(Daily Mail) The scale of destruction in southwest Florida continues to become apparent in the wake of Hurricane Ian, with new photos showing how the monster storm devastated coastal communities.
Fort Myers Beach, a town of about 5,500 on one of the barrier islands off Fort Myers, was ’90 percent’ destroyed in the storm, one official said.
‘I made it about two-thirds down the island and I’d say 90 percent of the island is pretty much gone,’ Fort Myers Beach Town Councilman Dan Allers told CNN.
Unless you have a high-rise condo or a newer concrete home that is built to the same standards today, your house is pretty much gone,’ he added.
Walking amid the wreckage of destroyed marinas on Friday morning, the mayor of Fort Myers, the larger mainland city, marveled at the Category 4 storm’s destructive power.
‘Just look at the boats. These are some large boats. And they’ve been thrown around like they were toys,’ Mayor Kevin Anderson told CNN. ‘They were thrown around like they were nothing.’
The Sanibel Causeway is seen before and after Hurricane Ian, which destroyed the bridge span in at least five places. The causeway is the only link between the Fort Myers mainland and Sanibel and Captiva Islands
A marina in Fort Myers is seen before and after the storm. Fort Myers Mayor Kevin Anderson says that boats and sections of docks were ‘thrown around like toys’
Fort Meyers Beach is seen before and after the storm hit. The barrier island town was devastated in the hurricane
Fort Myers Beach, a town of about 5,500 on one of the barrier islands off Fort Myers, was ’90 percent’ destroyed in the storm, one official said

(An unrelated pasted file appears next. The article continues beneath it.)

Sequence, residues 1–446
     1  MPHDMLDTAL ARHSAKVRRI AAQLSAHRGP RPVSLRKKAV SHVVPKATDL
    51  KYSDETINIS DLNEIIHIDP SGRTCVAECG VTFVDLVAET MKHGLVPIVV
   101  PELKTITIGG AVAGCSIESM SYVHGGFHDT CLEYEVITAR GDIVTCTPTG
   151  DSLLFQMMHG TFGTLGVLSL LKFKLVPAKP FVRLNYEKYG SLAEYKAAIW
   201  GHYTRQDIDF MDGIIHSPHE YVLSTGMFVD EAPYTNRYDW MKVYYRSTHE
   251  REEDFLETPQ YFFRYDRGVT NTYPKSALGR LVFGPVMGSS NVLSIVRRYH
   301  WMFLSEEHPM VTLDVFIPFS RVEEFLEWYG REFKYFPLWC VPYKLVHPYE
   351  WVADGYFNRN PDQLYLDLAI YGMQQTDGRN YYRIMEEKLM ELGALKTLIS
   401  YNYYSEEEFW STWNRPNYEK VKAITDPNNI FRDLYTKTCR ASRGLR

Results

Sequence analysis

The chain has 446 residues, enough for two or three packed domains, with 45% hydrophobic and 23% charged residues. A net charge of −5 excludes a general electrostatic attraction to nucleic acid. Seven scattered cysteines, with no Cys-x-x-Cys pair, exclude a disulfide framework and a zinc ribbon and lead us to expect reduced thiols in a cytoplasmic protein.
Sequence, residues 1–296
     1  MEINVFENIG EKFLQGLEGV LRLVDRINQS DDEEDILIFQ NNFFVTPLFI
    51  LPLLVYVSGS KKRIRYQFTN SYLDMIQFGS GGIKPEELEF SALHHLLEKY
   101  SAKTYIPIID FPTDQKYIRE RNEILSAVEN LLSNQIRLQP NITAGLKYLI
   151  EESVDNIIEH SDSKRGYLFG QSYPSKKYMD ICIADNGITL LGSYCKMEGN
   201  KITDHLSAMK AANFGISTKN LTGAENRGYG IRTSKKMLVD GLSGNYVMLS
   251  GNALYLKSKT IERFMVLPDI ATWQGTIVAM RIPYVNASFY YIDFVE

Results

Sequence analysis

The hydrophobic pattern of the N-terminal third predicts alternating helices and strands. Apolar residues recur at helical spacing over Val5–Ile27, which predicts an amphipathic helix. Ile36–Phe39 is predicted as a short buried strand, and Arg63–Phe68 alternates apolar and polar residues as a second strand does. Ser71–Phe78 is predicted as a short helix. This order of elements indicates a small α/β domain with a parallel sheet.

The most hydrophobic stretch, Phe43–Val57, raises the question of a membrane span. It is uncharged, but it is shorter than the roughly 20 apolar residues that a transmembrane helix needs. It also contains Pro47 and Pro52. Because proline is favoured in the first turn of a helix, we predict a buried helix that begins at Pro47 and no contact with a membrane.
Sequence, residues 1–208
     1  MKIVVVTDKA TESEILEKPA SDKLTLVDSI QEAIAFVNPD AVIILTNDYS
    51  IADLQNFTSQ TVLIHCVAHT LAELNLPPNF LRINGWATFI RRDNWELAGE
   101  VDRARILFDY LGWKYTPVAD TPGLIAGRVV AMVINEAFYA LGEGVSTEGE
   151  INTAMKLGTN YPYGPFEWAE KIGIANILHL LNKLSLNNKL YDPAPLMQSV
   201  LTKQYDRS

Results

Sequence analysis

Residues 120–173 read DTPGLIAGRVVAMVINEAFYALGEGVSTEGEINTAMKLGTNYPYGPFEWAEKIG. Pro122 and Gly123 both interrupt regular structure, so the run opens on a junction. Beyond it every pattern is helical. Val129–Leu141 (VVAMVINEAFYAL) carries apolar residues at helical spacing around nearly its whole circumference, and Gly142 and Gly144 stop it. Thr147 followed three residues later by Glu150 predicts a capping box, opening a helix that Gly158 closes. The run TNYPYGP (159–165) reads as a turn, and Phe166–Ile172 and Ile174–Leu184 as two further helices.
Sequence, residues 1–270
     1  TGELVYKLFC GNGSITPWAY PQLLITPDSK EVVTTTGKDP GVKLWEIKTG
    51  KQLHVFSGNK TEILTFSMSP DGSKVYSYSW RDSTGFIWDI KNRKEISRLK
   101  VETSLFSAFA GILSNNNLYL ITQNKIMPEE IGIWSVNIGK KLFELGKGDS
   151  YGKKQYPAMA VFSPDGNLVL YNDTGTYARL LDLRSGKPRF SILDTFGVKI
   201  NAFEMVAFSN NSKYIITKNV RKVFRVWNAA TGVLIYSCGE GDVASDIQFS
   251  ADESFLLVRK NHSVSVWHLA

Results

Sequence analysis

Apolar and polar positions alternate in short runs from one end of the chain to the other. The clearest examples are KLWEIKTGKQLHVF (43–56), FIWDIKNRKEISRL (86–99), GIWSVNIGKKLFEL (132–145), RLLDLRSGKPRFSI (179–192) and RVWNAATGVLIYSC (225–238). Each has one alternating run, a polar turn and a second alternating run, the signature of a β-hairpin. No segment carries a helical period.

FORT MYERS BEACH: Jake Moses, 19, left, and Heather Jones, 18, of Fort Myers, explore a section of destroyed businesses following Hurricane Ian
Anderson said that some 200 residents had been rescued from their homes after the storm barreled through on Wednesday.
Amazingly, he said that there were no confirmed fatalities in Fort Myers itself, which was the epicenter of destruction as the storm made landfall.
A handful of deaths in the storm have been confirmed, but 48 hours after the hurricane first hit Florida, the hundreds of fatalities predicted by the sheriff of Lee County, which includes Fort Myers, have so far not materialized.
Florida’s First Lady Casey DeSantis said on Friday the National Guard is distributing food and water, and 100,000 tarps are being handed out to temporarily protect homes with roof damage.
‘A lot of these spots, other than a slab of concrete there’s nothing left for these people, they’re not sure what to return to,’ she said in an interview with Fox News.
As well, Ian is not finished wreaking havoc, with the storm set to make another landfall in the Carolinas on Friday as a Category 1 hurricane, putting the entire South Carolina coast under hurricane watch.
Meanwhile in Florida, stunning before and after shots captured the devastation to the area around Fort Myers, with homes leveled, ships swept on to land and fires breaking out through ghost town neighborhoods.
It will take months to clean up all the damage, and perhaps longer. Some of the destruction will be irreparable.
From trees getting ripped out of the ground to signs being ripped apart, traffic lights crashing onto roadways and some buildings simply being destroyed, the impact was everywhere and almost nothing was spared.